Tuesday, November 16, 2010

Diary of A Lost Girl: A Review (Review #150)


A Lost Girl In A Lost World...

Technically, Diary of A Lost Girl is a foreign film, but as I've stated before, one of the glories of silent film is that they truly are universal films: only the intertitles need to be changed, in this case from German. The fact that it is European and Pre-Code signal that what might be considered unacceptable in future American features could be tackled more frankly and openly; however, Diary of A Lost Girl isn't explicit but at times is suggestive of certain plot points, which only enhances the film.

Thymian (Louise Brooks) is the innocent daughter of Robert Hemming (Joseph Rovensky), a pharmacist who is a serial adulterer, knocking up the governesses with reckless abandon. She is presented a diary where she writes her tale. Since Thymian is purity personified, this only excites Meinert (Fritz Rasp), the druggist assistant who seduces her and in turn knocks her up. She refuses to name the father of her child, but her family gains access to her diary and discover the truth. Meinert, who now owns the pharmacy, is untouchable, so Thymian is sent away to a reform school. This is a brutal, cold place, where all is forbidden and the staff is uncaring and harsh.

Eventually, she and her friend Erika (Edith Meinhart) escape with the help of Thymian's friend/love interest Count Osdorff (Andre Roanne). Thymian discovers that her child is dead and her father has married the domineering governess Meta (Franziska Kinz), who has children of her own. Thymian finds Erika and Osdorff, who are both employees of a brothel run by a kindly-looking madam. Thymian becomes a prostitute herself, where she finds a semblance of happiness. Then, she finds her father, stepmother, and seducer go to the club where Thymian holds court and she feels sadness and shame.

Three years later, her father dies and makes her his sole heir, to the delight of the Count who marries her. This is her chance to make a new life altogether, but she sees her stepmother and half-siblings, now destitute, and decides to give the money to them. The Count, upon learning this, commits suicide, leaving the new Countess a widow. The Count's uncle adopts Thymian as penance for having driven his nephew away, and she is invited to join the Society for Saving Young Girls, which runs the same institution she was once held in.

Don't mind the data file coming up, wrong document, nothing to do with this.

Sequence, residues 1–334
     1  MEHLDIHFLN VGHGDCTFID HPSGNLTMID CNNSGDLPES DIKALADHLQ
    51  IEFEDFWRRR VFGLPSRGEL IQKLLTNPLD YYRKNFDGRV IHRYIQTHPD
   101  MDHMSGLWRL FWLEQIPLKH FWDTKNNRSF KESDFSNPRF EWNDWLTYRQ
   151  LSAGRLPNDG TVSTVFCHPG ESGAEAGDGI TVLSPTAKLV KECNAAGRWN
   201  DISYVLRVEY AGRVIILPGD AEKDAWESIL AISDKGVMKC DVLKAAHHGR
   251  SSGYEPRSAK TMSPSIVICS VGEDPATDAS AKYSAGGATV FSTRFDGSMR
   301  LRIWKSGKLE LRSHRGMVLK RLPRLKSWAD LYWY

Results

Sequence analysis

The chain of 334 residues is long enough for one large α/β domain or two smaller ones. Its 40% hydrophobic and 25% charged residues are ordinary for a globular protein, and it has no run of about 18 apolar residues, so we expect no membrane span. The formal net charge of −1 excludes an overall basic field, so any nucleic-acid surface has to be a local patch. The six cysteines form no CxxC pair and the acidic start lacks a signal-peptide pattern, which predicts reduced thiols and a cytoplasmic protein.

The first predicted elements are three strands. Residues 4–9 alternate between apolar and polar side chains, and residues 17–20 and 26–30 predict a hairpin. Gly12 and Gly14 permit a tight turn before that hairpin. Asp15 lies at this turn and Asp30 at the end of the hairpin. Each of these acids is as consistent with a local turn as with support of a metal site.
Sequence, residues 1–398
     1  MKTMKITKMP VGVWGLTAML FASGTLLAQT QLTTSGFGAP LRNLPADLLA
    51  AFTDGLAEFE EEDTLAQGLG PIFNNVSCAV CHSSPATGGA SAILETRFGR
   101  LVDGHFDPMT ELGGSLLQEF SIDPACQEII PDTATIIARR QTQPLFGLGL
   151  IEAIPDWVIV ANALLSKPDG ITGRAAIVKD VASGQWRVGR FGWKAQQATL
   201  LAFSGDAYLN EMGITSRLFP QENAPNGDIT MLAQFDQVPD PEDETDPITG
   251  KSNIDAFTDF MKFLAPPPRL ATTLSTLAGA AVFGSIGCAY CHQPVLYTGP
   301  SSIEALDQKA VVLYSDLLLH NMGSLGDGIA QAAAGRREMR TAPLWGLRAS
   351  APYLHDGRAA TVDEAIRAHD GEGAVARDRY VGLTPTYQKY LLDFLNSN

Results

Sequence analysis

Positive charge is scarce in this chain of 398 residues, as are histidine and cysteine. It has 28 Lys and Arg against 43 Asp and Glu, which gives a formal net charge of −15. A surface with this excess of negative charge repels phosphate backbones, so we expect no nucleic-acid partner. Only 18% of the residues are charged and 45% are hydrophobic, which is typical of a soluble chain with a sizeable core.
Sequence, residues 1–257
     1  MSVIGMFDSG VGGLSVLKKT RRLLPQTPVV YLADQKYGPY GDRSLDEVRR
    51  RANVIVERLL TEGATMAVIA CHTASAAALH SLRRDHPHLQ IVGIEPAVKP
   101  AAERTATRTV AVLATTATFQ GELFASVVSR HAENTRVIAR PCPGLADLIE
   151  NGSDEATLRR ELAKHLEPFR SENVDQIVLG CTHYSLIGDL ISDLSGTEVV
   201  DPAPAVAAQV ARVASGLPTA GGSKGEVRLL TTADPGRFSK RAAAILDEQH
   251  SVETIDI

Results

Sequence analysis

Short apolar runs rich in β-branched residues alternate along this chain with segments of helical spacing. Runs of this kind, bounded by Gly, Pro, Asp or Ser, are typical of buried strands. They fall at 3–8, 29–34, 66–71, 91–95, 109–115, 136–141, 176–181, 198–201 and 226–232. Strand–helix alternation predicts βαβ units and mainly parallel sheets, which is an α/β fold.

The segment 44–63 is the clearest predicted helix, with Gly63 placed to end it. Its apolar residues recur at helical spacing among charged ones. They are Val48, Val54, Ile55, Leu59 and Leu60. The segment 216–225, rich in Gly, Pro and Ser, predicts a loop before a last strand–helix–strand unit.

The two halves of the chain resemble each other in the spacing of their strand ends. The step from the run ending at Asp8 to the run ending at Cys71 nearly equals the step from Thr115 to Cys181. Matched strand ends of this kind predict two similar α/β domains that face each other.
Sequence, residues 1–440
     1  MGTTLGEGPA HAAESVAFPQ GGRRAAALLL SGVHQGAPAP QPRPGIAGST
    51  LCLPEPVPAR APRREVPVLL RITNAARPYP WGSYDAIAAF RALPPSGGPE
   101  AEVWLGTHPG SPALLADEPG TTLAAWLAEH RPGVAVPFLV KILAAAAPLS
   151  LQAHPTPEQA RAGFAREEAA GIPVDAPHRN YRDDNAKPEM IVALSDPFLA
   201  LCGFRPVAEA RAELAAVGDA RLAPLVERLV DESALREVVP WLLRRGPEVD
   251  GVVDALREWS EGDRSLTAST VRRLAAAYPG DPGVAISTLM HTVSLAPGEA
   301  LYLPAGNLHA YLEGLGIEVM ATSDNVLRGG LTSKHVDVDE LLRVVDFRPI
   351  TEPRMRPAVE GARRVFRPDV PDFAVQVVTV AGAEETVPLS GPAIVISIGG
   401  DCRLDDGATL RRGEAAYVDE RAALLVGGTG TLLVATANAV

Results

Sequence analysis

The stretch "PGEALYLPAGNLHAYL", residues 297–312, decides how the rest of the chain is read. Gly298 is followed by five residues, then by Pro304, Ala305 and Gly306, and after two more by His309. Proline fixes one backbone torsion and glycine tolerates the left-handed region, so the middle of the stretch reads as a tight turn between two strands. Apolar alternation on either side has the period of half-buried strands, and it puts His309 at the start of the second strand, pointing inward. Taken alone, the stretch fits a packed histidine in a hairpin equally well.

All the memories of her time there, and the treatment the girls still receive, flood back, and she tells them the truth of who she was and what goes on there, and leaves. The Count joins her, telling the shocked ladies (and us), "With a little more love, no one on this earth would ever be lost".

A good eighty years after its premiere, Diary of A Lost Girl still has a heartbreaking emotional impact. Almost all the tragedy is expressed in Louise Brooks' face (always bringing to mind a line from Sunset Boulevard, "We had FACES"). She had a face: a beautiful face that communicated so much without dialogue. She projects an innocence throughout the film, from when we first see her, right down to when she sees her sister may end up following her footsteps into a brothel or worse, the streets. Brooks' performance is gentle, projecting the kindness Thymian has and the disappointment that she has ended up selling herself.

Director G. W. Pabst shows us in little details what is going on. Take the beginning, when the governess is sent away. We aren't told anything, but just the sight of the baby clothes she has suggests that something untoward has occurred. We can also see Thymian's innocence just by how she is dressed: all in white and crown of flowers. Pabst also shows the lasciviousness of Meinert with the way he looks and looks at her, and in the actual seduction of Thymian is visually both quite gentle yet horrifying, as if the shock to her world was too great.

Diary of A Lost Girl depends a great deal on the visuals, and Pabst did a great job in casting. Rasp looks evil in his uncaring attitude, while Andrews Engelmann as the Reformatory Director looks almost ghoulish, especially in his introduction when he rises in front of the camera like a monster.

It's a curious counterbalance that while the Matron of the Reformatory is a severe-looking woman in almost mannish garb, the Madam of the Brothel is a plump, sweet-looking matronly-like woman right down to her pince-nez. In fact, the only true kindness Thymian is ever shown is within the halls of The House of Ill Repute.

Pabst is playing with expectations, and he does so brilliantly. Again, nothing is really seen: we don't see Thymian's deflowering nor when she first is paid for sex. All that is intimated, suggested, and we as the audience are smart enough to follow the plot without having everything explained to us. Pabst also shows himself as a master of transition, as when we again suggest the Count has jumped to his death. We go from the flowers on the floor to the flowers on his coffin with an ease and beauty that isn't found in most modern/sound/color films.

Diary of A Lost Girl isn't as sensational as the title may suggest. However, it is a beautiful and tragic film about how people can abuse the innocent so cruelly, and how those who are abused may still maintain a kindness and dignity that more "respectable" people do not have. We have Lulu's beautiful and heartbreaking performance as Thymian, and a strong story that still holds up.

When the Count gives his parting shot, it is obvious that he is speaking to the audience. We would be wise to follow his advise.


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